- Living Will – this is your directive to either your medical power of attorney, or the hospital if you didn’t identify a power of attorney, that states the medical care you wish to receive if you are unable to make those decisions. For example, what happens if you are in an accident and end up in a coma?
The benefits of a will are the simplicity of the estate plan and the cost. The negative is that they are not very efficient in complicated estate planning.
It is important to note there are many different types of trusts. We are going to discuss in more general terms. If you want more information about specific types of trusts, please contact us to discuss.
A trust is a legal document which a third party, the trustee, is given the right to manage your assets as per your directives stated in the trust document. You can be living or deceased when you assign this right to the trust.
Even though there are many types of trust, they fall into one of two categories:
- Irrevocable – The key word to remember here is permanent. Once you place assets in an irrevocable trust, you lose control of those assets.
- Revocable – Allows you to maintain control over the assets and make changes to the trust when you are alive. These are often referred to as a living trust. Typically, they become irrevocable upon your death.
There are several benefits to a trust, including that irrevocable trusts typically protect your assets from creditors. If a beneficiary is at risk of being pursued by creditors, a trust may be effective in protecting those assets.
Trusts also provide control to you in cases in which you worry about a beneficiary receiving too much money at once. For example, a child that might have an addiction problem or very bad with money. You can establish a trust so that they don’t receive all the money at once.
A trust is typically needed for special needs beneficiaries. There are specific trusts for these situations.
Trusts are sometimes used to ensure money stays in the blood-line versus going to a son or daughter in law. Keep in mind, as we discussed earlier, this also can be accomplished much cheaper using separate property accounts. Ensuring your beneficiaries are educated on your wishes and their options might be a much cheaper way to proceed then a trust.
Trusts typically avoid probate. This is my least favorite reason to set up a trust. In many cases the trust will end up costing much more than the probate. For example, in Texas the court cost is approximately $350. You should be able to find an attorney, if an executor chooses not to probate the will themselves, for approximately $1,000. If you manage your trust correctly and have it reviewed at least every 3 years, you will spend much more on the trust than probating a will. This depends on the cost of probating in the state you reside in. We recommend you understand that cost before establishing a trust for the sole purpose of passing probate.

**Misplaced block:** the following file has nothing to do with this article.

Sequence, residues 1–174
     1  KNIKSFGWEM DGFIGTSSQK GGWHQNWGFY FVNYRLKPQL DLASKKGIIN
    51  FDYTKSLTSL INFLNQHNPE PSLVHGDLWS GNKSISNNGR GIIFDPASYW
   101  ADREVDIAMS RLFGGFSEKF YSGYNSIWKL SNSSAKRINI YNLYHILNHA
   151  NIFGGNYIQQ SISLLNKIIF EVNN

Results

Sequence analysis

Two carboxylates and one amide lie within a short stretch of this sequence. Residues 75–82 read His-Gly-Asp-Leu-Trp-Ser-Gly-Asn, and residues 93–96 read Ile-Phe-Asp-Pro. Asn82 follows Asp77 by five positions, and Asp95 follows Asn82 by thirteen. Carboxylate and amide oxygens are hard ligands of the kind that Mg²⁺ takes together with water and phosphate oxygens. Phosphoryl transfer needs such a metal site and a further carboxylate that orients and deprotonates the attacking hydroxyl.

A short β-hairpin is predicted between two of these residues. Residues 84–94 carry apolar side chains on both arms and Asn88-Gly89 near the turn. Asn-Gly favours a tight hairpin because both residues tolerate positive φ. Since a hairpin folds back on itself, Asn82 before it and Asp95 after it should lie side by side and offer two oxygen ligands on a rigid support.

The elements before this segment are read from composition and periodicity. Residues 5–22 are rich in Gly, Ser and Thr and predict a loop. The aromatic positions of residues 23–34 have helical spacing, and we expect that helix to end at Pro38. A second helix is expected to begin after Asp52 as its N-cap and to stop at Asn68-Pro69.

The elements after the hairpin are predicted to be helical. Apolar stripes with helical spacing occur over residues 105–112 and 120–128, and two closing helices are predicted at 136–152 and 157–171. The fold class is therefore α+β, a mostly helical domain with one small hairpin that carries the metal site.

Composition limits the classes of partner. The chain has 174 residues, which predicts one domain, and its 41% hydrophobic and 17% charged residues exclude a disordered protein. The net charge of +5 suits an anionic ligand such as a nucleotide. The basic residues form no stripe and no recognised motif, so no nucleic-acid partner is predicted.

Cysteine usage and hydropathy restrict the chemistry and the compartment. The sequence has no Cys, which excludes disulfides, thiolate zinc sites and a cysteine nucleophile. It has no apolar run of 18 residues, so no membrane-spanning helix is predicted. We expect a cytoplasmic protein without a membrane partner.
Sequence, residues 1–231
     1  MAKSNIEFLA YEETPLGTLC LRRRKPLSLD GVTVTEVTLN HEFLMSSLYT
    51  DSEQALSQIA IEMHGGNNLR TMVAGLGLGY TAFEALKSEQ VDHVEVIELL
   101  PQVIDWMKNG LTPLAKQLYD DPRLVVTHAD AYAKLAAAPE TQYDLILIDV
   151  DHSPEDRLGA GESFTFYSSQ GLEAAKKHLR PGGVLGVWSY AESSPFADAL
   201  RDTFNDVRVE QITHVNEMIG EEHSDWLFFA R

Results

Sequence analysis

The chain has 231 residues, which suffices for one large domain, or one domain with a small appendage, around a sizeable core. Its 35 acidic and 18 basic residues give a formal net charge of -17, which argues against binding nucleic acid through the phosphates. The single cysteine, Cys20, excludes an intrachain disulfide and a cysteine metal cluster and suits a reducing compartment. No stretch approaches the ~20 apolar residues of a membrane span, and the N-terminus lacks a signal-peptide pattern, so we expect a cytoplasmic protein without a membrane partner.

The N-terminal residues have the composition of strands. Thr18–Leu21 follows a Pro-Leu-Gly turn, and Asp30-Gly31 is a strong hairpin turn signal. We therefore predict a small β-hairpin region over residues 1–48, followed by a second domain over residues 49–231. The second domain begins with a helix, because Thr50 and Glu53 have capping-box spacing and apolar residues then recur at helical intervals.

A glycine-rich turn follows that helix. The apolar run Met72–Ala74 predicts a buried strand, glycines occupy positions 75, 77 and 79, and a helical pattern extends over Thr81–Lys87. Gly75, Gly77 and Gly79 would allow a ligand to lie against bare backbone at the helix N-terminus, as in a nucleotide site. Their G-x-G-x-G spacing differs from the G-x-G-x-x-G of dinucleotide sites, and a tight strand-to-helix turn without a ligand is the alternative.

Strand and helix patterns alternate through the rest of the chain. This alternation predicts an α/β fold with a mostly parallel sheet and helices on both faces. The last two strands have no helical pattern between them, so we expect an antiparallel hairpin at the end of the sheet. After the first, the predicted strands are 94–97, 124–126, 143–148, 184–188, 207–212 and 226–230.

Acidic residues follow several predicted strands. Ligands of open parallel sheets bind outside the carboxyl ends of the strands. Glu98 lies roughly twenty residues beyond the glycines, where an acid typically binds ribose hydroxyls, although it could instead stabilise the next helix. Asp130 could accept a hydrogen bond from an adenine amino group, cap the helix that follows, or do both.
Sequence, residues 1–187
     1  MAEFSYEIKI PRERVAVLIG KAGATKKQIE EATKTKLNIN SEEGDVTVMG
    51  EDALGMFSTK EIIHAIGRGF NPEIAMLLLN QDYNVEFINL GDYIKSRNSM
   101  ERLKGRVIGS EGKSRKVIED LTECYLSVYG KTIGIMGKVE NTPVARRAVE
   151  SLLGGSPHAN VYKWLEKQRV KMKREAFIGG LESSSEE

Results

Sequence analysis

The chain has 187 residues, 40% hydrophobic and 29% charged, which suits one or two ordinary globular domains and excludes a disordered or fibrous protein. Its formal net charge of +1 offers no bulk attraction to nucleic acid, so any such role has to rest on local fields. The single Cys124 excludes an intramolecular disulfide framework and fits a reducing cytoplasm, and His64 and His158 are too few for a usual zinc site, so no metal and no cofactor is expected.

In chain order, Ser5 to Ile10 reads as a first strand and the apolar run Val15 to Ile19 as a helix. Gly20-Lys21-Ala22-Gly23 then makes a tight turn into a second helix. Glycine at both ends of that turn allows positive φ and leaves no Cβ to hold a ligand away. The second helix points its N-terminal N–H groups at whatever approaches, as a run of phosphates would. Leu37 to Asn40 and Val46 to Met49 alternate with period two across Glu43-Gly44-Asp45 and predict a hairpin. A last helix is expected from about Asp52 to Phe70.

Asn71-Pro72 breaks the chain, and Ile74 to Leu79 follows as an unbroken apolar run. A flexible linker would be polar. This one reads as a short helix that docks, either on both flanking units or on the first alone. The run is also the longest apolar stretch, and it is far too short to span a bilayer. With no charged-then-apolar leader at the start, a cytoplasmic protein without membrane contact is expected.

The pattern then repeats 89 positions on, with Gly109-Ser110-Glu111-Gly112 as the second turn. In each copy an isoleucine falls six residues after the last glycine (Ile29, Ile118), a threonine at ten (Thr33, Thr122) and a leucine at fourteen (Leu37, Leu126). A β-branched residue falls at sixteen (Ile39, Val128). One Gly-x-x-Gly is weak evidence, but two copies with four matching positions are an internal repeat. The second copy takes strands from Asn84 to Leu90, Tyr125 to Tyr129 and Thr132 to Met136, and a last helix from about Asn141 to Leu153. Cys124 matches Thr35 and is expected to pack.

Finally, a trust may reduce, or eliminate, your estate tax liability. This benefit has been reduced significantly with the current estate tax exclusion. However, the exclusion limits do change and have varied significantly – ranging between $1 million and $12 million just since the turn of the century. When estate planning, it is important to know what the limit is and how it will impact your situation.
We offer one warning, a trust is a commitment. If one goes down this path, know it isn’t a one-time thing. We can say the same about a will, which is true but an “I love you will,” which fits many Americans, is less of a commitment than a trust. An “I love you will” is the typical will in which each spouse is the primary beneficiary of the estate and then after the second to die, the children receive the estate.
At Virtus Wealth Management, we believe it is our job to fully explain your options so you can make an educated decision on which is best for you.
As in most cases involving your estate plan, if something seems overly complicated, a second opinion is wise. Typically, estate planning does involve consulting with a few professionals including a lawyer and financial advisor, among others. While your financial advisor may not be trained in estate law, we have years of experience reviewing and implementing estate plans. Thus, we can provide you with guidance on when you might need to seek the opinion of a second lawyer or when you might need to simplify your plan in general. If you have questions regarding your estate plan or where specifically you should start, give our office a call to schedule a complimentary consultation with one of our advisors today.
This information is not intended to be a substitute for individualized legal advice. Please consult your legal advisor regarding your specific situation. Virtus Wealth Management and LPL Financial do not provide legal advice or services.